A hospital is a place where one goes when you are sick, have been in an accident or to give birth. The entire reason behind going to hospital is to regain your health and safe guard yourself against further injury or illness. However, how do you know which hospital to book yourself into? Do you go for the most expensive one, the one closest to your home or the one with the best reputation?
In fact, one should go to a hospital that is accredited. What does hospital accreditation mean? Hospital accreditation has been defined as ‘A self-assessment and external peer assessment process used by healthcare organisations to accurately assess their level of performance in relation to established standards and to implement ways to continuously improve’. A hospital needs to strive to continuously improve in three areas: medicine, quality healthcare and medical ethics.
Hospital Accreditation Background
The word hospital comes from the Latin ‘hospes’- a guest. A noun derived from this word is ‘hositium’- signifying hospitality. The two words are ‘related’ and form the meaning- a shelter.
In recent year hospitals and healthcare services have become vital components in society. A hospital is a place of safety for staff and members of the public. The quality of this healthcare is important to many different parties: Government, Non-government organisations (NGO’s) targeting social welfare, professional organisations representing doctors and nurses, patient organisations and shareholders in the companies providing medical services and supplies.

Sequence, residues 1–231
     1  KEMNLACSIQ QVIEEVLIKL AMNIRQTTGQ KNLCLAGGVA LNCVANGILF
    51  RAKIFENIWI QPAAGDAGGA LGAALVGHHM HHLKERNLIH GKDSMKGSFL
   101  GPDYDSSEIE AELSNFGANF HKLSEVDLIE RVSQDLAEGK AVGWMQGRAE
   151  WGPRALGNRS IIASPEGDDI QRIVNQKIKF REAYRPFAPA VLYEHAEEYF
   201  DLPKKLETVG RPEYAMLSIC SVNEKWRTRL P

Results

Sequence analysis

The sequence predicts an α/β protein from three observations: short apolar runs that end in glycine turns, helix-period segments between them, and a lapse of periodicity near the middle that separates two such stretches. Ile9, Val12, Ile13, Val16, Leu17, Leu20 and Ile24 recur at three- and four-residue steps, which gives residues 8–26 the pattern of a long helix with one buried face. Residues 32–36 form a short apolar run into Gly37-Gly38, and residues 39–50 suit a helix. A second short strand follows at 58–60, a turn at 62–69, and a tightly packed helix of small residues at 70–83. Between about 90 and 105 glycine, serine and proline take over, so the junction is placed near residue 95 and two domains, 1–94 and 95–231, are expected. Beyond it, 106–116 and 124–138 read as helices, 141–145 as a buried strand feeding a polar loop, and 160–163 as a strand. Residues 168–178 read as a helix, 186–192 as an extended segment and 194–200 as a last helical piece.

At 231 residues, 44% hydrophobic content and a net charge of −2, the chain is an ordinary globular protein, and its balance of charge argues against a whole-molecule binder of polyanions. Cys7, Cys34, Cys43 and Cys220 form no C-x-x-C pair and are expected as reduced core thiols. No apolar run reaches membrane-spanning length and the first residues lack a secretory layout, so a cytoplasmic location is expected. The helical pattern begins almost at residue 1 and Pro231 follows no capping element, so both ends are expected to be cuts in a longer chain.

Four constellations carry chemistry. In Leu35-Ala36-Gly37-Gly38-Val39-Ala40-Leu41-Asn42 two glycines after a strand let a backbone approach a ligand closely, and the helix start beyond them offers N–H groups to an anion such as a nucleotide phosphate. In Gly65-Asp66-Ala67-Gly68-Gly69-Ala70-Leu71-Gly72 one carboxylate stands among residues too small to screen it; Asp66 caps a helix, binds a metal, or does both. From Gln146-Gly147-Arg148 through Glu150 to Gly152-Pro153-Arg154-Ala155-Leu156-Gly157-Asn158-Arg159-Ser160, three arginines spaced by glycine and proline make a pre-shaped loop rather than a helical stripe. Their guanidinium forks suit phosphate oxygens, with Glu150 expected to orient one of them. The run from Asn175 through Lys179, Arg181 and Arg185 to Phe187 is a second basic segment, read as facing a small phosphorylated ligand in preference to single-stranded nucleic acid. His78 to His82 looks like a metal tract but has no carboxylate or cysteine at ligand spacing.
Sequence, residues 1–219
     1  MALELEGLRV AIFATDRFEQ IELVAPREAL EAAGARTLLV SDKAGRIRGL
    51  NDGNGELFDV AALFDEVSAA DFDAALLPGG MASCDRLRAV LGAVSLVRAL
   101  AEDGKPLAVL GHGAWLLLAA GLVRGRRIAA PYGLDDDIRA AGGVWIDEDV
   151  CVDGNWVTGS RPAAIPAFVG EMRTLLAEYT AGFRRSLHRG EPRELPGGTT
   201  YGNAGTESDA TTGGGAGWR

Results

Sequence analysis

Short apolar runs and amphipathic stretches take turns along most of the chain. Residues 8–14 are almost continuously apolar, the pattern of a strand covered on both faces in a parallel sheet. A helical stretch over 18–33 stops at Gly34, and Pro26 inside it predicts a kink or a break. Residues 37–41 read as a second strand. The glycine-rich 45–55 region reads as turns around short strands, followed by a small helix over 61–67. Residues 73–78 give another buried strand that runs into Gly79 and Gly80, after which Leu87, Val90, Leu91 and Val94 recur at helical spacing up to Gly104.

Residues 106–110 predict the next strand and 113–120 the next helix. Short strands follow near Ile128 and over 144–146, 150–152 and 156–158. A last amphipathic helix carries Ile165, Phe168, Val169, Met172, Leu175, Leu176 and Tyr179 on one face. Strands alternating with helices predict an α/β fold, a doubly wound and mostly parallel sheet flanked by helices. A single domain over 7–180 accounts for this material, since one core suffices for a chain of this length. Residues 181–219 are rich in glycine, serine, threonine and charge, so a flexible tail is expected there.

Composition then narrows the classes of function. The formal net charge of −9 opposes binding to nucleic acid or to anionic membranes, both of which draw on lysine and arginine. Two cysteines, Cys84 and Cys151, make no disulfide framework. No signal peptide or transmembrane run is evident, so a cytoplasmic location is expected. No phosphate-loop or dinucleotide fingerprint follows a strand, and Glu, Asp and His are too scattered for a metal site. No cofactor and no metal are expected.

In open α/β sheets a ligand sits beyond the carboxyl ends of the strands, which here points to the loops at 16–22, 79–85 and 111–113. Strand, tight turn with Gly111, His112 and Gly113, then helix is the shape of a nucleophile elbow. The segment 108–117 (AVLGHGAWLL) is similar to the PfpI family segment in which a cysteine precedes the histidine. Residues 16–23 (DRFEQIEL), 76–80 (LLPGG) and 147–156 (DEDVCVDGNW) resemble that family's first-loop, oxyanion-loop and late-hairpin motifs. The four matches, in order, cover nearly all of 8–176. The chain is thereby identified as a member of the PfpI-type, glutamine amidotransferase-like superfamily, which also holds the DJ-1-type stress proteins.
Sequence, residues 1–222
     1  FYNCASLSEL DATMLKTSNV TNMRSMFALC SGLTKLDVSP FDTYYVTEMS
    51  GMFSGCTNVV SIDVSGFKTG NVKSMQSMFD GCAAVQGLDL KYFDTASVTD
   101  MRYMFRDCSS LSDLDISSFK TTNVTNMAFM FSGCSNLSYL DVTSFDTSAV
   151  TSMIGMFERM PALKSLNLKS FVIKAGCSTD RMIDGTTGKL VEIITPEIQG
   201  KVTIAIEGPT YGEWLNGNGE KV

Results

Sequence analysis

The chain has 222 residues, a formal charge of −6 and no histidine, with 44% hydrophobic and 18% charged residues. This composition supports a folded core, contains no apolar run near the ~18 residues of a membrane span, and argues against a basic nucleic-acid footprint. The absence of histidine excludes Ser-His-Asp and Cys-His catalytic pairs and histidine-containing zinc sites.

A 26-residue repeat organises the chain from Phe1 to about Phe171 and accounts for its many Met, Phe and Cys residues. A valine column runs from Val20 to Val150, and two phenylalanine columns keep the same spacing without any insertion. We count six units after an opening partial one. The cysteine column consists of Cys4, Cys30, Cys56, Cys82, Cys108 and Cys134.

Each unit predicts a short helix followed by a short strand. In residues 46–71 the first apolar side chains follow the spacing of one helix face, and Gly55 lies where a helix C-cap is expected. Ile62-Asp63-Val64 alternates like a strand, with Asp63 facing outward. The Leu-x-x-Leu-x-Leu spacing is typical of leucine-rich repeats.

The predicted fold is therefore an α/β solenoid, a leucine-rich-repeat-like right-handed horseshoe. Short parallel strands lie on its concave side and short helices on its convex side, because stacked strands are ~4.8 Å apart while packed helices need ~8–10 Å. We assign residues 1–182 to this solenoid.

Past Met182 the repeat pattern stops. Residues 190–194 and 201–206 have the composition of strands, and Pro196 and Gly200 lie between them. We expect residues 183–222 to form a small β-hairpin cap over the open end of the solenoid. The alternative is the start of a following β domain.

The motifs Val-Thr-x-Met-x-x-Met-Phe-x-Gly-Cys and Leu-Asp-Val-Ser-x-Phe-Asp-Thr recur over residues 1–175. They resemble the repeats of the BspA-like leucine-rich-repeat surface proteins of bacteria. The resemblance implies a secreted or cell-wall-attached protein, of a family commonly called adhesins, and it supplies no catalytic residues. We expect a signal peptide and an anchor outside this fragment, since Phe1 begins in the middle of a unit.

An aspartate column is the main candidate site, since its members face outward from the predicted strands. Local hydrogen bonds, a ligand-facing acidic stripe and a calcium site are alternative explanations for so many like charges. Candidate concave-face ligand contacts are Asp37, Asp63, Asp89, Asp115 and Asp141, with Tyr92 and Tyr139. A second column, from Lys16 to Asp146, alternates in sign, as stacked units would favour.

In 2003, the above mention parties began to understand the importance of quality healthcare and the hospital accreditation system was put in place. As mentioned previously patient safety is the centre of the accreditation standards. Hospitals need to comply with the following rules:
- Hospitals need to provide access to care and continuous care- assessments
- Hospitals need to adhere to patient rights and educate patients on illnesses/injuries
- Hospitals need to manage the medication of patients correctly and provide quality care for all patients
- Hospitals need to strive for continuous improvement in patient safety
- Hospitals need to ensure staff members are correctly qualified and continuously updated on new procedures and methods
- Hospitals need to maintain responsible management of all information in their possession.
The Hospital Accreditation Process:
Baseline Assessment – This is an assessment from knowledgeable and credible evaluators who conduct a baseline assessment to ensure the hospital has met each element of the accreditation process.
Action Planning – Using the findings of the baseline assessment, the hospital then develops a detailed plan showing the core standards. This would be ensuring staff members are properly trained, improvement of consent policies and refining the management of the hospital.
Chapter Assignment – This looks at the people skills and time-management skills of the staff members. Once you have assessed staff on these two areas, this demonstrates who is able to lead teams throughout the hospital and streamline work processes.
Policies and Procedures – A hospital needs to redefine and reassess the policies and procedures to ensure standards are maintained. This process should be re-evaluated on a regular basis (quarterly).
Once the accreditation process is complete and the assessors are satisfied, your hospital will be accredited through the local accreditation company. This accreditation ensures patients that the staff members are fully trained, that patient safety is a key concern and all equipment in the hospital is regularly maintained.
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Greg Jones – Hospital accreditation expert. This article aims to explain why hospital accreditation is and why it is useful for a hospital to have.